Web 2.0 and Social Web Challenges


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This talk looked at the possible obstacles to using social web services in a cultural heritage institutional environment. Possible solutions were suggested for a number of potential obstacles.

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Web 2.0 and Social Web Challenges

  1. 1. Web 2.0 and Social Web Challenges Ann Chapman UKOLN University of Bath Bath, UK UKOLN is supported by: This work is licensed under a Attribution-NonCommercial-ShareAlike 2.0 licence (but note caveat) About this Talk This talk will focus on problems you may encounter and how you may be able to overcome them. http://www.ukoln.ac.uk/cultural-heritage/events/social-web-birmingham-2010-10/ Twitter: http://twitter.com/ukolnculture/ Email: [email_address]
  2. 2. Locked Door or Country Stile? Lack of Resources Technical Issues Legal issues Understanding
  3. 3. Lack of Money <ul><li>Web 2.0 </li></ul><ul><ul><li>Generally free to use </li></ul></ul><ul><ul><li>Sometimes extra level means fees </li></ul></ul><ul><ul><ul><li>LibraryThing – 200 items free, over that small fee </li></ul></ul></ul><ul><ul><li>Doesn’t require extra equipment </li></ul></ul><ul><ul><li>Opportunity for low cost staff development </li></ul></ul><ul><li>Not completely cost free </li></ul><ul><ul><li>Staff time to set up </li></ul></ul><ul><ul><li>Staff time to run </li></ul></ul>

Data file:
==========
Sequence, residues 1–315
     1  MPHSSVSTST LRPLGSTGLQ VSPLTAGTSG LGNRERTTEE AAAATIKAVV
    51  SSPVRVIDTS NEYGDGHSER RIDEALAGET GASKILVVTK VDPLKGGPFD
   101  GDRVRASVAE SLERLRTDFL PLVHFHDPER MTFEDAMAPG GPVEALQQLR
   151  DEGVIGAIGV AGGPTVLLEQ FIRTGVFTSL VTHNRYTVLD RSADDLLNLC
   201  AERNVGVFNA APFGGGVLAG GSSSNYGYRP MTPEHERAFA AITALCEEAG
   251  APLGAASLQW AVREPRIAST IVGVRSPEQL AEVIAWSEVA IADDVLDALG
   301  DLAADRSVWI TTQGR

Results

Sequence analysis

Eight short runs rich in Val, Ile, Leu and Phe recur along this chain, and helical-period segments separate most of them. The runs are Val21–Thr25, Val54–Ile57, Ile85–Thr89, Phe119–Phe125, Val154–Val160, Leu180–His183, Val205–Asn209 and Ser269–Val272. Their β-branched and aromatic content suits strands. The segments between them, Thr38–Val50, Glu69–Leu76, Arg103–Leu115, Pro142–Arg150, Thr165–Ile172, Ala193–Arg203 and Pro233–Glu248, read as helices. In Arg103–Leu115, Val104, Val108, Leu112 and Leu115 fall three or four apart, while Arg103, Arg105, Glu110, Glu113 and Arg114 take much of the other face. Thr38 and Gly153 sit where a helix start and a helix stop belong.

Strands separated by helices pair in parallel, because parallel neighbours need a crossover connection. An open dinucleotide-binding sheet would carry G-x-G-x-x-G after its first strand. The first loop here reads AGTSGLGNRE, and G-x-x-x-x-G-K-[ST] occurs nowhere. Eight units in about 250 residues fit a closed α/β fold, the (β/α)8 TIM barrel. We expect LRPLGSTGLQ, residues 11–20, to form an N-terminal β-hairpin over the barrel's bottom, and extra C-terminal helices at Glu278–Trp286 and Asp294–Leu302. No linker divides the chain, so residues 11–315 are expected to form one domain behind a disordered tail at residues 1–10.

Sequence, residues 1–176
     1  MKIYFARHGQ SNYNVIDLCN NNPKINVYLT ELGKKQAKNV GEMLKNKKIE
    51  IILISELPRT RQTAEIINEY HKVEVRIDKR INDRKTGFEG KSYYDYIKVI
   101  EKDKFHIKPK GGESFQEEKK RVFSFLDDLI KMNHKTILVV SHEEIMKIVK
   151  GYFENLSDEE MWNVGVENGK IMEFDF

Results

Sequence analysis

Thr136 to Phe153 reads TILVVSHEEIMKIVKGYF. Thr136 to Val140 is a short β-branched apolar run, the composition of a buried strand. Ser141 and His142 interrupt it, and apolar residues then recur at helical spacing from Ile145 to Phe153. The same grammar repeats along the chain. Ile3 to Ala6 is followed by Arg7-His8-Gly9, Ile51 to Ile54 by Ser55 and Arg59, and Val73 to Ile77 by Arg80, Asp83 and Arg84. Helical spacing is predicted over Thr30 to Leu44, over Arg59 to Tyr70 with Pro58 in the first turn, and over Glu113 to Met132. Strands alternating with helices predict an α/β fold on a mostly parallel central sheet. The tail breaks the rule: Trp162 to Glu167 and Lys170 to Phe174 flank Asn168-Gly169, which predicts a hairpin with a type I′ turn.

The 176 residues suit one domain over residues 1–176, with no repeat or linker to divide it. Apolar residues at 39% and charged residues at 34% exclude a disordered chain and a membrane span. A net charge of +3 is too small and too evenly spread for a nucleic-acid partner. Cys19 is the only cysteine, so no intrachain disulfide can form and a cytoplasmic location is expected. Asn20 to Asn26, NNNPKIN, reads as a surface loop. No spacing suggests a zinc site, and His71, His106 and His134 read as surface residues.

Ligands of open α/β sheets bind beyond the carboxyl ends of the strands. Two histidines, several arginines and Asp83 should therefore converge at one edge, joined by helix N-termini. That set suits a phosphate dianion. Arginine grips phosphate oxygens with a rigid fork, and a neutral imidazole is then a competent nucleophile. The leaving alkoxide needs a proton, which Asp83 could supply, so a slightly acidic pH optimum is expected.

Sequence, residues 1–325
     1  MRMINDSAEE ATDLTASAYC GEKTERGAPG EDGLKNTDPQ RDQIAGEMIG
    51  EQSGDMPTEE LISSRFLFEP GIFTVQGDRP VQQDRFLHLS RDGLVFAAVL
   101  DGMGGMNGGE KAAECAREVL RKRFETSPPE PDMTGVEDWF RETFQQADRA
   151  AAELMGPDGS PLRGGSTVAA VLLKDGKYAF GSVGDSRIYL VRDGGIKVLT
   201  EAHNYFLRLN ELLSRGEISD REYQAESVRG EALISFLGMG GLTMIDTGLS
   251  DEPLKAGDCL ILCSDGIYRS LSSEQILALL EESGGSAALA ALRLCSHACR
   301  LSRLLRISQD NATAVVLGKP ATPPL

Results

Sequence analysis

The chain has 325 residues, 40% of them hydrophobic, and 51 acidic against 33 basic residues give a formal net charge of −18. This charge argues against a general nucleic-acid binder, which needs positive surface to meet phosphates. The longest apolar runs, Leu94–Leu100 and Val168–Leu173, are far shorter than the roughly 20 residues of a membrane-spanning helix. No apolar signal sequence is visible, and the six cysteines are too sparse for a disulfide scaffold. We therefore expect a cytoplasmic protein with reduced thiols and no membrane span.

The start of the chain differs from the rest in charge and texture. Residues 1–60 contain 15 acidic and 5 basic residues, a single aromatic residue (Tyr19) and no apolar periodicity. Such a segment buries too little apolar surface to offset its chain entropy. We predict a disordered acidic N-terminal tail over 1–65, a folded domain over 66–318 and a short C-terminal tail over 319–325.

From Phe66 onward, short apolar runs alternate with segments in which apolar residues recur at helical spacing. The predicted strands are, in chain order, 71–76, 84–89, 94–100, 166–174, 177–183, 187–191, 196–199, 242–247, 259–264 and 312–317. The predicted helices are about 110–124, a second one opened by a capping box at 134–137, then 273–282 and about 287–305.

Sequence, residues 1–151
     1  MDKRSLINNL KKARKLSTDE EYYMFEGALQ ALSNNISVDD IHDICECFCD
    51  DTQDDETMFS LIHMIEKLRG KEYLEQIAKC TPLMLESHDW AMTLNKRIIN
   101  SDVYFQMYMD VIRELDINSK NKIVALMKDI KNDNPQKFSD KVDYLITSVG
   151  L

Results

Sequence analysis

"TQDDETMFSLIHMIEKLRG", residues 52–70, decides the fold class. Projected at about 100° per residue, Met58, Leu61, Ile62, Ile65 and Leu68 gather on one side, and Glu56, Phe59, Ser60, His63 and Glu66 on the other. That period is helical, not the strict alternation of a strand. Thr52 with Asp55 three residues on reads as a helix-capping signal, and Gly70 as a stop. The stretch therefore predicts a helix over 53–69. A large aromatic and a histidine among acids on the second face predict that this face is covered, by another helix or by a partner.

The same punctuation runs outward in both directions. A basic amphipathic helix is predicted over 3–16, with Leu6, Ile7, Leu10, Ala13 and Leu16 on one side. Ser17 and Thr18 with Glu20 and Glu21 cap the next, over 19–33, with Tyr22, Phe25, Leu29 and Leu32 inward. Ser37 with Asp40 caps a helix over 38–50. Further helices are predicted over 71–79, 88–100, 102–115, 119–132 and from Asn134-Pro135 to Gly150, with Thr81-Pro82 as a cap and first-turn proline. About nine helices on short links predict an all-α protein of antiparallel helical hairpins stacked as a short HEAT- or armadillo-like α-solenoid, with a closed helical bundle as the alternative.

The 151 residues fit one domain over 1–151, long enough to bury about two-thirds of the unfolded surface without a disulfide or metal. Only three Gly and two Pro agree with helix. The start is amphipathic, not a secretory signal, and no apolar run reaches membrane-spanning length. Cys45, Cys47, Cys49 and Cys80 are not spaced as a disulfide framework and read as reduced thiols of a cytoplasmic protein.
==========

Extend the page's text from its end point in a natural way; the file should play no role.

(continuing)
4. 4. Lack of Time <ul><li>Plan ahead </li></ul><ul><ul><li>Blogs </li></ul></ul><ul><ul><ul><li>Guest posts (remember contact time) </li></ul></ul></ul><ul><ul><ul><li>Staff or service features </li></ul></ul></ul><ul><ul><li>Use one service to update another </li></ul></ul><ul><ul><ul><li>Either put Twitter feed on Facebook page </li></ul></ul></ul><ul><ul><ul><li>Or send Facebook updates to Twitter </li></ul></ul></ul><ul><ul><ul><li>NB – don’t do both the above </li></ul></ul></ul><ul><ul><li>Keep things simple </li></ul></ul>
  5. 5. Lack of Skills <ul><li>Treat as opportunity for staff development </li></ul><ul><ul><li>Use an existing 23 Things resource? Don’t forget how quickly the Web changes </li></ul></ul><ul><ul><li>Develop your own? </li></ul></ul><ul><ul><li>Listen to podcasts </li></ul></ul><ul><li>Build on skills learnt </li></ul><ul><ul><li>Use wiki for staff manual </li></ul></ul><ul><ul><li>Use blog for project team communication </li></ul></ul><ul><ul><li>Make podcasts (e.g. oral history talks) </li></ul></ul>
  6. 6. Council Firewall <ul><li>The reality </li></ul><ul><ul><li>Useful Webs services do get blocked </li></ul></ul><ul><ul><li>There is dodgy/illegal/dangerous material on the Web </li></ul></ul><ul><ul><li>It may be simple to have a blanket ban </li></ul></ul><ul><ul><li>The good news – councils are re-thinking policy </li></ul></ul><ul><li>Suggested approaches </li></ul><ul><ul><li>We can accept certain levels of risk </li></ul></ul><ul><ul><li>More sophisticated responses are needed </li></ul></ul><ul><ul><li>We should share the approaches we’ve taken </li></ul></ul>